Following its independence from Great Britain, Ghana had arguably the strongest economy among the new West African countries. It has continued to build on its economic strengths to become a middle-income country. This economic growth has fueled development that has increased the standard of living for many people in Ghana post-independence. However, development has not reached everyone equally, and this could cause problems in the future.
In 1957, Ghana achieved its independence with one of the best-educated populations in West Africa, reserves of gold and oil, and a population (temporarily) unified around the popular nationalist leader Kwame Nkrumah. Ghana made some strong economic moves out of the gate—investment in cocoa production for export, construction of a hydroelectric dam to support industrialization, creation of homegrown manufacturing industries to replace expensive foreign imports, and promotion of economic cooperation with its neighbors. Nkrumah attempted to implement development reforms funded by this economic growth.
However, Nkrumah was ousted in 1966 by a military coup. This coup ushered in years of volatile politics, with power shifting between military and civilian rule. In Ghana's economy, this caused slow growth due to uncertainty and shifting economic priorities. Money was skimmed off by military and political elites, and corruption increased. Ghana also accepted restrictions on its economic policies as a condition of International Monetary Fund loans. The success of such restrictions is debated by development economists. In 1992, Ghana adopted a new constitution, which called for multi-party democracy and free, fair elections. This heralded a new era of stability that has permitted economic growth under a free market model. In 2010, Ghana achieved middle-income country status.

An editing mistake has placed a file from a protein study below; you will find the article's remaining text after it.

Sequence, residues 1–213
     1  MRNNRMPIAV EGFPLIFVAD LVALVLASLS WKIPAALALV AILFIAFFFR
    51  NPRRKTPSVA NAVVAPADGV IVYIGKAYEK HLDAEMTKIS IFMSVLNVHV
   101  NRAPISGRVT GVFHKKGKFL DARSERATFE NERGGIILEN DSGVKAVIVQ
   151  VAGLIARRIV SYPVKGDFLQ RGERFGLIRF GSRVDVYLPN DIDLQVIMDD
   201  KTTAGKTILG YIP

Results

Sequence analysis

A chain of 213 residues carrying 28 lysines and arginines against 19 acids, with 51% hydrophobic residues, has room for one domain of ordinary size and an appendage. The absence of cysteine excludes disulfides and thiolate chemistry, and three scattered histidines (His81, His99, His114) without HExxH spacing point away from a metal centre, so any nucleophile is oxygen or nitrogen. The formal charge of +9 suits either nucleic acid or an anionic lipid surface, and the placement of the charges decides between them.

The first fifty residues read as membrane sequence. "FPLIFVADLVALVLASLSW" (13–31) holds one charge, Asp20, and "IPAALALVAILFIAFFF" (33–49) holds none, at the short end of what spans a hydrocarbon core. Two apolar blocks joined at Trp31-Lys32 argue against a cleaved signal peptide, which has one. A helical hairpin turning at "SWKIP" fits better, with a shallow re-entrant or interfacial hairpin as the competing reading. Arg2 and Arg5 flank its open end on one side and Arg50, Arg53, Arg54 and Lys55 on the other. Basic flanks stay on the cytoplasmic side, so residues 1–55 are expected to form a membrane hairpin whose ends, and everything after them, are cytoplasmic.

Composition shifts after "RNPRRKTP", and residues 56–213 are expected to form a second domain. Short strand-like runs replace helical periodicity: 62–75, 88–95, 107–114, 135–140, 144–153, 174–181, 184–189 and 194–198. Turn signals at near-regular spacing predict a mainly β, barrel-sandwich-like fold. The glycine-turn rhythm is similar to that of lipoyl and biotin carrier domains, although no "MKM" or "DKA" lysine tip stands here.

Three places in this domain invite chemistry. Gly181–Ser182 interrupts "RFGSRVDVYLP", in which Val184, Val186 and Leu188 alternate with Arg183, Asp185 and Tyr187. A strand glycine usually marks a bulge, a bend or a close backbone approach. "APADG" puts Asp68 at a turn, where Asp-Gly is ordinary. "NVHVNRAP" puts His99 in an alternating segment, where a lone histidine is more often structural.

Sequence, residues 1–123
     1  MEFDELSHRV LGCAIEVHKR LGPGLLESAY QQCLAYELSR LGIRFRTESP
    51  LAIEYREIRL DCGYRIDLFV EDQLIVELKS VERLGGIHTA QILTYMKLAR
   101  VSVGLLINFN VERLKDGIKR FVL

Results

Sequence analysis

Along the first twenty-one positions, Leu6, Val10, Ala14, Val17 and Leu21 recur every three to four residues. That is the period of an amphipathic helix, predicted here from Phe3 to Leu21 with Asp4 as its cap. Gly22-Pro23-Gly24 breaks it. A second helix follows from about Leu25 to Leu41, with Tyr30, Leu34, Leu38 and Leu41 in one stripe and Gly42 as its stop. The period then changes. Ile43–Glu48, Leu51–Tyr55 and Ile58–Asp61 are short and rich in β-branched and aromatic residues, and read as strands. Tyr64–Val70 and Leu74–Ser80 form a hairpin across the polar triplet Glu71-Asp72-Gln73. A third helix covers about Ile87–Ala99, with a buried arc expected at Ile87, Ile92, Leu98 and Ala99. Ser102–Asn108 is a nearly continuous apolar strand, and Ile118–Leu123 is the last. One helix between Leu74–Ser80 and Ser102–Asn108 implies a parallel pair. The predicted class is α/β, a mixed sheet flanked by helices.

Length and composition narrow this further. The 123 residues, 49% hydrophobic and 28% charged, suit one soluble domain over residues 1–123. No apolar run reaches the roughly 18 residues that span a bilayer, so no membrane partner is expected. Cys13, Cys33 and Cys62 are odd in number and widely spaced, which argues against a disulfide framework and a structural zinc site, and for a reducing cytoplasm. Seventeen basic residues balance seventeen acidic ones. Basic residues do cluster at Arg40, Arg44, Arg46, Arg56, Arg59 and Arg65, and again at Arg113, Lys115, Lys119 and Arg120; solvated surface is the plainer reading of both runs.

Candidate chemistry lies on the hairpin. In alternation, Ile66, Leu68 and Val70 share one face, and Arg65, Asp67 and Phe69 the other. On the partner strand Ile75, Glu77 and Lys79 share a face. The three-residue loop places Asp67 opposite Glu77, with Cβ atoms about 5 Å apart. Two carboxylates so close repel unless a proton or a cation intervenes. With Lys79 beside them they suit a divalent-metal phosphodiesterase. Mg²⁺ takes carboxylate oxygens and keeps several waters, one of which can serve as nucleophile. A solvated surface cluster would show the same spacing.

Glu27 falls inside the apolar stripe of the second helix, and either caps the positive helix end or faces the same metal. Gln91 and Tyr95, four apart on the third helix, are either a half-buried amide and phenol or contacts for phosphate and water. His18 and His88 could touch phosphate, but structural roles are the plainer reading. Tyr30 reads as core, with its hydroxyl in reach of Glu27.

Development has followed on the heels of economic growth, but has not reached everyone. Unicef estimates that after 1992, the percentage of Ghanaians living in poverty dropped from over 50% to under 25%. More than half of Ghanians still work in agriculture, but a variety of other industries have developed and support new, higher-paying jobs in the cities. These industries include oil production and refining, light manufacturing (including tech-adjacent industries and the refining/production of agricultural products like cocoa products and cotton textiles), and wind and solar energy. Despite the overall economic growth, development is not reaching everyone in Ghana. UNICEF estimates that inequality between the top and bottom tiers of society is increasing. In particular, certain rural areas have noticed very little change to their income from recent growth and have been hurt by rising prices driven by inflation. Since the rate of economic development is different in rural areas than in urban areas, this means certain ethnic groups are also benefiting more than others from economic growth. Gender inequality also remains an issue.
Economic growth drives development, but in turn, unequal rates of development can hurt economic growth. The effects of poverty—including poor health, earlier death, and lower rates of education—mean less participation in the economy, which slows growth. If Ghana does not find a way to share wealth with its poorest citizens, it may face declining rates of growth in the future.